A big banner with VOTE on it.
A mural near 20th and Shotwell was completed in late 2020, as election season loomed. Photo by Annika Hom.

The race to represent the Mission District is on, with five declared candidates and others waiting in the wings. No matter that the election for District 9 supervisor is still 15 months away; funds are being raised, and plotting to the finish line is underway.

One problem: In an unscientific poll of some three dozen Mission residents surveyed by Mission Local, only about a third recognized any of the candidates’ names — or, for that matter, the name of current supervisor Hillary Ronen.

Esther Marks, a political consultant who ran campaigns for Tom Ammiano, among others, said these anecdotal results ring true. “From talking with others, only a third of people know who their current supervisor is,” she said. In a recent Mission Local story, consultant Jim Ross noted that his polling for a former supe revealed only 15 percent citywide name recognition.

Mission Local asked random residents on the streets in the Mission, in English and in Spanish, whether they recognized the names of their current supervisor or the seven candidates who may succeed her. 

This list includes the five candidates who have filed to run — Julian Bermudez, Trevor Chandler, Jackie Fielder, Rafael Gutierrez and Michael Petrelis — as well as those who have announced their campaigns informally: Santiago Lerma, a current Ronen aide, and Roberto Hernandez, the so-called “Mayor of the Mission.” 

“There’s the lowrider guy … I don’t know his name,” one person surveyed said about Hernandez. 

Longtime political consultant Jim Stearns, who currently a consultant for candidate Jackie Fielder, was not surprised by these wanting numbers. He says that those in the political sphere often refer to election day as a “one-day sale,” a last-minute dash for voters as they figure out everything they need to know about candidates on the ballot.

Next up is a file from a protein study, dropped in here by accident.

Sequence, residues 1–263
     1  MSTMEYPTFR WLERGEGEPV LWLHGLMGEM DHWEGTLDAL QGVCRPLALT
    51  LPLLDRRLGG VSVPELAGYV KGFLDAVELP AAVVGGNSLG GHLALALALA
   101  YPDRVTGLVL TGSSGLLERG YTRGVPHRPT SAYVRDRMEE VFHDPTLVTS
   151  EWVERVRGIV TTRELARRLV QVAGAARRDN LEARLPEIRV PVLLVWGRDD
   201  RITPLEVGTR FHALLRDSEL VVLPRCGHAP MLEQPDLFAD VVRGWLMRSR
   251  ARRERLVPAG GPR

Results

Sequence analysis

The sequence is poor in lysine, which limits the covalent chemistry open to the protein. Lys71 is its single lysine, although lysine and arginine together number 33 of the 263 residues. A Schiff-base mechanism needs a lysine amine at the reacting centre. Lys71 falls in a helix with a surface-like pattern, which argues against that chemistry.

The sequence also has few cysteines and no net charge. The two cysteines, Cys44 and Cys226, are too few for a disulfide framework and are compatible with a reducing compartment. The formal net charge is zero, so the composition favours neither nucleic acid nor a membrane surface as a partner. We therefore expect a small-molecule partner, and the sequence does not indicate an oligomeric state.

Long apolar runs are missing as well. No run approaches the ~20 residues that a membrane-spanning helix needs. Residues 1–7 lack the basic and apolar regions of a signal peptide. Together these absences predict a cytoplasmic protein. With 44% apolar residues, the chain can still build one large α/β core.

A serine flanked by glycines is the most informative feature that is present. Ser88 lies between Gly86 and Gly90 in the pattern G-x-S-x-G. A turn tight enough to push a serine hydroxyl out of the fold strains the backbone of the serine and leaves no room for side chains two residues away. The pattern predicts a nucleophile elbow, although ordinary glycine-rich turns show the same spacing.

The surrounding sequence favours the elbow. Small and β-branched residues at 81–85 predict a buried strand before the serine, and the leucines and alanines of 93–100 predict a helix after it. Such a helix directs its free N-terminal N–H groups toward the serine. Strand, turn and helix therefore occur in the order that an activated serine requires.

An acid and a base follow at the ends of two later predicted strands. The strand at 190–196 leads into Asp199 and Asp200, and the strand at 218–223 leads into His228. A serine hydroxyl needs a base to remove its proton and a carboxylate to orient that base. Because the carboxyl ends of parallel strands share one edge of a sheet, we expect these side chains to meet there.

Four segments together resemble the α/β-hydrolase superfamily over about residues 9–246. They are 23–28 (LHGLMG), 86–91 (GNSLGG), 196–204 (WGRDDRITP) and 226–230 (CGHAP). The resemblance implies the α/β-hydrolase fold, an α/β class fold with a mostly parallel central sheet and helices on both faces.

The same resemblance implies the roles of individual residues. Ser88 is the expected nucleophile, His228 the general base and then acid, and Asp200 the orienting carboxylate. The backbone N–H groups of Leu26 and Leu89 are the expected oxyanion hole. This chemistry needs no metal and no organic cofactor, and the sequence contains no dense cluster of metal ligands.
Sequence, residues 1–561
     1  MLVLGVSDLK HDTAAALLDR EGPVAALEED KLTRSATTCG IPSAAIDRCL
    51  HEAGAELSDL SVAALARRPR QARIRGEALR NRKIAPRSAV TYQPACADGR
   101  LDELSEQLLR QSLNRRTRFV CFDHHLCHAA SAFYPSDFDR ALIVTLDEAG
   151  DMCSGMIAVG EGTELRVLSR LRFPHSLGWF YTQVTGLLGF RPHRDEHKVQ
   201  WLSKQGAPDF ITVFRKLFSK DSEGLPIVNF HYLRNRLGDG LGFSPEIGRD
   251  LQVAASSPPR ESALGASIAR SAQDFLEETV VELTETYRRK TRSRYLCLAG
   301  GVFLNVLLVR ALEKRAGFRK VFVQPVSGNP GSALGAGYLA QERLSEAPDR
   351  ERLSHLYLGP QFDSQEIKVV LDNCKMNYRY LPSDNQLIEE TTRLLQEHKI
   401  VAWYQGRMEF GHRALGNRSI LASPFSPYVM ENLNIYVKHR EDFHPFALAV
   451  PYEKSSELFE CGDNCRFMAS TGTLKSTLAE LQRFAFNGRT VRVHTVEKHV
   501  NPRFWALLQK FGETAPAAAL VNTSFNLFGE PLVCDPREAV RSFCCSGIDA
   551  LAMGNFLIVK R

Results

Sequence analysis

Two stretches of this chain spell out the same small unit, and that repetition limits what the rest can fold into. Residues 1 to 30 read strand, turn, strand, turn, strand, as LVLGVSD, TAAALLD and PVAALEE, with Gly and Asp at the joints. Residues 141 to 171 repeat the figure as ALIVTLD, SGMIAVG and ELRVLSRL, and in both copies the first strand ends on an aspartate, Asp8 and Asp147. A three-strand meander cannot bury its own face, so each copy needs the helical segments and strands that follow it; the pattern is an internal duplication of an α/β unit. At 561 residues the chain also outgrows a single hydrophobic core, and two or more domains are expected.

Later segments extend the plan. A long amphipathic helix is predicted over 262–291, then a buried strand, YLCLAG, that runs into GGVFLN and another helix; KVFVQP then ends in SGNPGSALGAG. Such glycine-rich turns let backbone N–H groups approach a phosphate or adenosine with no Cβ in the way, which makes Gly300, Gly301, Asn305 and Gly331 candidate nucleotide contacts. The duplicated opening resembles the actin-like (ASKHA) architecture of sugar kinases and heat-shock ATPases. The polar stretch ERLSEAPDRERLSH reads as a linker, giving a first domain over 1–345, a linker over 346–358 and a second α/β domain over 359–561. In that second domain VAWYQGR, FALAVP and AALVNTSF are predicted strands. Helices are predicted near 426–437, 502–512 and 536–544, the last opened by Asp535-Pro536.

For an election that’s not to take place until next November, that “one-day sale” is still ages away.

English speakers know Fielder, Chandler … 

Up and down 24th Street, residents had mixed responses about recognizing candidates, or even knowing their current representative. 

About a third of the English-speaking residents recognized candidates Jackie Fielder who, in 2020, ran unsuccessfully for state senate against incumbent Scott Wiener, and Trevor Chandler, a former lobbyist who worked for the Human Rights Campaign and the American Israel Public Affairs Committee. Both have been featured in newspaper stories about the District 9 race.

One Mission resident, Chelsea, had only heard of Jackie Fielder from the list of candidates, because she had supported her previous run against Wiener. “I followed her on Instagram, and supported her when she was running last. When she lost, it sucked,” Chelsea said. 

… Spanish speakers know Lerma, Hernandez …

But among Spanish-speaking residents, the names that rang a bell were unequivocally those of Hernandez and Lerma, two Latinos with prominent, public-facing jobs.